National financial education campaign launched

Abena Osei-Opoku, has launched the National Financial Education Campaign - aimed at bolstering the financial capability of Ghanaians.

The Deputy Finance Minister, Abena Osei-Opoku, has launched the National Financial Education Campaign – aimed at bolstering the financial capability of Ghanaians.

The campaign will be conducted in the 16 regions of Ghana, predominantly targetting the informal sector and youth groups. The financial education campaign’s structure is comprehensive, designed to allow for radio and TV discussions, public fora, townhall engagements and social-media campaigns. Different educational materials have been developed and translated into 11 local languages.

Speaking at the campaign’s launch, Ms. Osei-Opoku highlighted the importance of financial capability for consumers; saying it is a major component in building a strong and resilient economy.

“The current developments in the economy and financial sector give more credence to the need for a timely and a comprehensive financial education programme that addresses noticeable issues in the financial sector. That is why government, in collaboration with the financial sector regulators and industry associations, is implementing the National Financial Education Campaign to bolster the financial capability of Ghanaians,” the Deputy Minister said.

The campaign is anchored on the five mutually reinforcing pillars of the National Financial Inclusion and Development Strategy (NFIDS), with the fifth pillar highlighting the need to increase financial education on consumer awareness and understanding of financial products to enhance consumers’ ability to manage their finances.

Ms. Osei-Opoku expressed gratitude for the immense contributions of the Financial Education Multi-Stakeholder Committee (FEMCOM) in designing this all-important education campaign. The committee comprises representation from the Ministry of Finance, Bank of Ghana, Securities and Exchange Commission, National Insurance Commission, National Pensions Regulatory Authority, Ghana Deposit Protection Corporation, Ghana Microfinance Institutions Network, Ghana Association of Savings and Loans Companies, Micro Credit Association of Ghana, Cooperative Credit Unions Association and other industry associations.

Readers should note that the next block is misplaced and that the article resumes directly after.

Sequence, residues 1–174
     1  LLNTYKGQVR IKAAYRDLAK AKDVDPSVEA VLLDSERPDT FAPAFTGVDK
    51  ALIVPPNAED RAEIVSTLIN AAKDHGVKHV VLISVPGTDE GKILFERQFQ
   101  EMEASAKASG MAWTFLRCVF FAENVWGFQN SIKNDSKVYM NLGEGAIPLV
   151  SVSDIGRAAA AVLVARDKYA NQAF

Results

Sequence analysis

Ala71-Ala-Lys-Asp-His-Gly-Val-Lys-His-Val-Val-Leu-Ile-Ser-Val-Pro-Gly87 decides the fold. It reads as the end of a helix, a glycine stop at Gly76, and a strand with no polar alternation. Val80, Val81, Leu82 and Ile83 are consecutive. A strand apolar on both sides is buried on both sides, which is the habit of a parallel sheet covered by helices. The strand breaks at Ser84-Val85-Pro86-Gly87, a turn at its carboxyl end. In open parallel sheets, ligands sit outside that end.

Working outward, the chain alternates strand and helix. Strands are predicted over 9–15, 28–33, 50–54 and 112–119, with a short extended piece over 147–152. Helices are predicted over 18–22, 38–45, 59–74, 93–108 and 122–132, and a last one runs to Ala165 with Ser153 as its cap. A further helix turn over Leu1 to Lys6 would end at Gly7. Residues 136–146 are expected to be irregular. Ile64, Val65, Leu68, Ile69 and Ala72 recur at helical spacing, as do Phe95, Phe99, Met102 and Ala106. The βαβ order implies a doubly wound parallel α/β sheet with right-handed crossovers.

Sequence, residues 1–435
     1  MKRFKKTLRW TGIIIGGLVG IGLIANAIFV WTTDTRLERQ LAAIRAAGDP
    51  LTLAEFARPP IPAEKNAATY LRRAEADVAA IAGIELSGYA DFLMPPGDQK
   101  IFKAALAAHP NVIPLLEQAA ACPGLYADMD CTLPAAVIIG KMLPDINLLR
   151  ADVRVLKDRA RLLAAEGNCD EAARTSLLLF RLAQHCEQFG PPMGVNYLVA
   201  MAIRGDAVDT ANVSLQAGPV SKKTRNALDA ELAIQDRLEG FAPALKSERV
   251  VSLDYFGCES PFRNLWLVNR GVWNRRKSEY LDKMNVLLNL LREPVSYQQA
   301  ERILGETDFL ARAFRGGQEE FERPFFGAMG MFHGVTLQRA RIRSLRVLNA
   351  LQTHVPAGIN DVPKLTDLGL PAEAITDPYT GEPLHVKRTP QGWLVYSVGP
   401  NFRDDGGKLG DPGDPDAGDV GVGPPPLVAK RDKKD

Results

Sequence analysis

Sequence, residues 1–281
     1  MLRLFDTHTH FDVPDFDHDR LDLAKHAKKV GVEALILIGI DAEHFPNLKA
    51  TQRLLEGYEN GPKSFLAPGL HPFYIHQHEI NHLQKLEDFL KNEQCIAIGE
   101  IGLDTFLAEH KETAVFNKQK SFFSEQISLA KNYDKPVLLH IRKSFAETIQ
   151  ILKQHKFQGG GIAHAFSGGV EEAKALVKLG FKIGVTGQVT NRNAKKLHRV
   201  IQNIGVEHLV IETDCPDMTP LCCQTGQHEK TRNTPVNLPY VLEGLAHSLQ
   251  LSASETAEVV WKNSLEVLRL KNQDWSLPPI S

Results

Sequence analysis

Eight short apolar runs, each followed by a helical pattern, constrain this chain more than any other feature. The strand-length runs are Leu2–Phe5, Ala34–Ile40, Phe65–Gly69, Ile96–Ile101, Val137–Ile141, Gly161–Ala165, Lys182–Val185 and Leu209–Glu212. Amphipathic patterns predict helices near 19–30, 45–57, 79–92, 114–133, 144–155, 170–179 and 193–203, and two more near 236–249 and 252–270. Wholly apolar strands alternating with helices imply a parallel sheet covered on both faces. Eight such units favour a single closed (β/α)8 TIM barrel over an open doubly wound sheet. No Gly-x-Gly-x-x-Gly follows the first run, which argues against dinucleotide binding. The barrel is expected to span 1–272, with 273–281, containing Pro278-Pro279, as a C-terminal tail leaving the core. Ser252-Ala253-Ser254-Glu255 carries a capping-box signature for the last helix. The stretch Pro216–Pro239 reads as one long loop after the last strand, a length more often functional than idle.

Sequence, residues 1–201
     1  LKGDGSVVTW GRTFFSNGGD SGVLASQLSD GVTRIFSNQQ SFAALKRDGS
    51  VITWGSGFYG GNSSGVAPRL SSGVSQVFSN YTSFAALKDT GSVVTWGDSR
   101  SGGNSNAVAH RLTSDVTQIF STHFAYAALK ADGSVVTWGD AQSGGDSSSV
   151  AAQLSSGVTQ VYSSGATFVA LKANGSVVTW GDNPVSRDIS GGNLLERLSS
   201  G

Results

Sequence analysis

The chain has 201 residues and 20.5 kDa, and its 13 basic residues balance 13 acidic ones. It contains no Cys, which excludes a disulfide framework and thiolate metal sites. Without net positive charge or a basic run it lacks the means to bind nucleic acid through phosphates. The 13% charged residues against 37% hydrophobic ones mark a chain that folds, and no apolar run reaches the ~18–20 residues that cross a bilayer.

The Deputy Finance Minister noted that Ghana’s financial inclusion journey started in 2010 when a FinScope Survey was conducted, estimating Ghana’s financial inclusion rate at 41 percent. The rate subsequently increased to 58 percent in 2015, according to the Financial Inclusion Insight Survey. The NFIDS sought to increase financial inclusion from 58 percent to 85 percent by 2023.

However, the financial incapability of Ghanaians has been identified as one of the contributing factors to the recent financial sector crisis that led to the locking-up of many depositors and investors’ funds. Government spent over GH¢25billion of public funds to clean-up the sector and bail-out customers whose funds were locked up with the defunct institutions. Despite the clean-up exercise, many financial consumers continue to use financial products and services without understanding the risks associated with these products or the benefits thereof.

Ms. Osei-Opoku appealed for the media to take deliberate steps to validate financial institutions before advertising their products. She also revealed that a preliminary assessment of Ghana’s financial literacy education landscape in 2021 showed that the average financial literacy score in the country is 12 out of a total score of 21, indicating that many Ghanaians lack basic understanding of key financial issues. The assessment also revealed that about 72 percent of the population do not follow trends in the financial sector, and have no idea of developments in the sector.

The Ghanaian financial sector remains resilient despite impacts of the COVID-19 pandemic, the Russia-Ukraine war and the domestic debt exchange programme. The Monetary Policy Committee in its latest release revealed that the banking industry remains relatively stable despite recording some losses from the Domestic Debt Exchange Programme (DDEP). However, to further strengthen the sector and provide a stability back-stop to the industry, government in collaboration with the financial sector regulators is working on the Ghana Financial Stability Fund.

The National Financial Education Campaign launch has been welcomed by stakeholders in the financial sector.

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